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Wolf Molkentin

larger Cranes - variants and techniques

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Posted (edited)

Hi fellow concertinists, and fellow crane drivers (following @CraneDriver) in particular, I reckon the time has come to start a topic re larger Cranes in order to combine topics from different places here rather than further hijack other threads or bury information in the "look-like" thread.

 

I have recently acquired my  beautiful Crabb 61b ("type b", as the button layout differs from the formerly-known "type a") and am finding the range as perfect as I expected (enough room for wide harmonies on the LHS and the chance of underlaying the melody on the RHS with one or two additonal harmony notes (which then can be phrased closer to the melody - my vision of playing "Duets", and why I needed a larger one). Here are the pics I already posted, including an updated layout, thanks to Geoffrey Crab.

 

There are fellow users like @Little John and @marien who are already experienced players of larger Cranes, and now you, @saguaro_squeezer, are talking about a newly-to-acquire larger Crane (BTW, will your giant MacCann be up for sale then? not that I'm personally interested though, just out of interest if you're giving up playing different Duet systems). Which layout and range will it have?

 

Which layout does anyone have, or prefer? Which modifications? Who of you is playing a (larger) Crane, and Anglo and/or EC as well?

 

I'm looking forward to swap ideas and share information with everyone! Best wishes - 🐺

 

36042D79-CED8-4510-8C46-82C8FD94F42C.thumb.jpeg.ad83280fd9b81efc93e422fe02d02b5f.jpeg0EF9DBBF-5319-4C86-AB7E-84CEC484D833.thumb.jpeg.1be6db49fac2c4c32892e53743532cd9.jpeg1DF5F9F4-D22E-4543-88C8-74982582C5FA.thumb.jpeg.76773f32bbc7ccaae4ae95944dfed16b.jpeg1648487718_CrabbCrane61b(B).jpg.f1f4c7b2c189f311a12df325205be6af.jpg

Edited by Wolf Molkentin

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14 minutes ago, RAc said:

Have you checked w/ the gallery on http://craneconcertina.com/ ?

 

Thank you Rüdiger - but yes I already did, in fact prior to acquiring my instrument. Nevertheless, it's well worth following that link.

 

My intention here is rather having topics of shared interest, including layout variants actually played by forum members, discussed than the collecting of comprehensive information from sources within reach. But of course I wouldn't be willing to exckude whatever may come up...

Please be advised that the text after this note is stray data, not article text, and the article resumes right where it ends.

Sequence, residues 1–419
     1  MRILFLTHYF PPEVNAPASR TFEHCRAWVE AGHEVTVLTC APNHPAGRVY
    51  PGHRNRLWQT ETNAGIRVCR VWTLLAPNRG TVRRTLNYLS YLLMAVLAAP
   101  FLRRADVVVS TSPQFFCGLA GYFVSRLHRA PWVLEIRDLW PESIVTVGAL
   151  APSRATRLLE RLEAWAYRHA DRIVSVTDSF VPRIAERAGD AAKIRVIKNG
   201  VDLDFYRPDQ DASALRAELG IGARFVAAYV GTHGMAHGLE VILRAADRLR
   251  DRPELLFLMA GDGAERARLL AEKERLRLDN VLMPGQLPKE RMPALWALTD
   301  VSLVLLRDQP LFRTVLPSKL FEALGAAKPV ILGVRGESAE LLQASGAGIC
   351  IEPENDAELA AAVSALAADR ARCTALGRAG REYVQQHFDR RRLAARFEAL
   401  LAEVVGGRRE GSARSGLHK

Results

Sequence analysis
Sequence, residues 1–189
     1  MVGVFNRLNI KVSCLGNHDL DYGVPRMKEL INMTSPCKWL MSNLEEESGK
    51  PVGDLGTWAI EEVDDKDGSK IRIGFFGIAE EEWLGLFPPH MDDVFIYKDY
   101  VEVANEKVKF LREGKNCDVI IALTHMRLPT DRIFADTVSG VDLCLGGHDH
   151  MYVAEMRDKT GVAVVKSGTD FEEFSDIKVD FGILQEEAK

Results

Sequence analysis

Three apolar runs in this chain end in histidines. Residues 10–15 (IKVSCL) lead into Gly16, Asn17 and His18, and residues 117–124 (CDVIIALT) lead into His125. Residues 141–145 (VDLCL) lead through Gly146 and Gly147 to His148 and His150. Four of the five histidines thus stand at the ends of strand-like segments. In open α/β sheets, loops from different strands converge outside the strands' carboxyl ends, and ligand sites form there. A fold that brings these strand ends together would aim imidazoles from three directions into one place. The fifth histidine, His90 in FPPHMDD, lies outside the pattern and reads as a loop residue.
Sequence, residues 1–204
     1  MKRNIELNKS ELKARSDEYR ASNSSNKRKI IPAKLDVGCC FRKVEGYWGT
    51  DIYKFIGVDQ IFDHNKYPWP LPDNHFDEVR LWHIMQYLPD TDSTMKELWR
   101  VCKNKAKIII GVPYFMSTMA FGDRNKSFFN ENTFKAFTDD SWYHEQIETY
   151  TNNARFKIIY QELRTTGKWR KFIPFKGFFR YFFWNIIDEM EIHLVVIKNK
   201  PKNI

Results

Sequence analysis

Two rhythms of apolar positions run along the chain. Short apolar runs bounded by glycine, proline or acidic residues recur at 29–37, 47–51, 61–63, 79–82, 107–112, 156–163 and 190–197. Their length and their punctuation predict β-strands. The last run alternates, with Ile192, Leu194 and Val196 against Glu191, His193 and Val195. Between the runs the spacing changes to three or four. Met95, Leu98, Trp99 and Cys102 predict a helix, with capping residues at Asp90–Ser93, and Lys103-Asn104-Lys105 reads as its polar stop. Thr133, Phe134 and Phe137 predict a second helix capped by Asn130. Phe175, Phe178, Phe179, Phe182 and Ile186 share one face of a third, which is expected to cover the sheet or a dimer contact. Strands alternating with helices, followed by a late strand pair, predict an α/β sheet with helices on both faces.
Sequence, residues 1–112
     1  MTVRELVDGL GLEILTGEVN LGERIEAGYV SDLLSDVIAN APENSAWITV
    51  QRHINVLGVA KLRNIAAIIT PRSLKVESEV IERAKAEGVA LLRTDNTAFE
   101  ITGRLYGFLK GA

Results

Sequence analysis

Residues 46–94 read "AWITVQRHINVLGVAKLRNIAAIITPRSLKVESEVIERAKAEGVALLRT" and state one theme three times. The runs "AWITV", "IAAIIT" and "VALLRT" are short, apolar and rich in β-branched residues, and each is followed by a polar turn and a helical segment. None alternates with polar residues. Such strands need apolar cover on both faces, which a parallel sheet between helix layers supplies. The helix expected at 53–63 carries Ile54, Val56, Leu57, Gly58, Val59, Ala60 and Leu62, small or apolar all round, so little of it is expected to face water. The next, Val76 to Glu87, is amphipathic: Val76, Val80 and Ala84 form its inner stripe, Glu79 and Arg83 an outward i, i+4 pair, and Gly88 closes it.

Best wishes - 🐺

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Wolf, back when I first started on Crane, I was lucky enough to acquire a 69-key Crabb Crane from Chris Algar.  It was how I was fortunate enough to meet Geoff Crabb.  It is #9978 in the c raneconcertina.com gallery. I'm attaching the layout that Geoff provided for me.  Sadly, I had to sell it to help fund some medical issues that came up for my wife.

 

The one thing that I'd always wanted with it was that the LH would go down to C2 (or C-2 in Geoff's diagram) and I looked continually for an instrument with that range.  That is why I bought the large Maccann - other than the fact that Crabb Maccanns are allegedly pretty rare and this one was a really good deal.

 

It does seem though, from mine and Peter Smith's diagram of his 67, that the layouts become a bit more individual once the numbers go above the 59-61 button range.  The current Crabb that I'm working on is a 66, with a 7-row RH and a 6-row LH plus, I believe, low F (it doesn't show in the pictures).   I've not had it physically in-hand yet, so don't know if it starts on G or C.

 

No,  don't think I'll be selling that big Maccann just yet.  Dirge was always fond of saying that real men play Maccann and so I have to give it an honest try, at least to convince myself that I either can or can't!

 

 

crabb69.jpg

007_sm.jpg

009_sm1.jpg

49485848_2269433296420700_2165451742467063808_n.jpg

49210889_2269433106420719_8880225994108043264_n.jpg

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Posted (edited)

Thank you for your detailed and interesting reply! Pity that you had to sell the 69b. From the sketch you have attached here I had been able to (as it turned out, exactly) tell the buttons of the Crane I had been interested in (and subsequently bought, also from Chris) back then.

 

47 minutes ago, saguaro_squeezer said:

That is why I bought the large Maccann

 

...and why I had been musing about buying it myself (before then choosing the Crane, and not being able to buy both)... 😎

 

47 minutes ago, saguaro_squeezer said: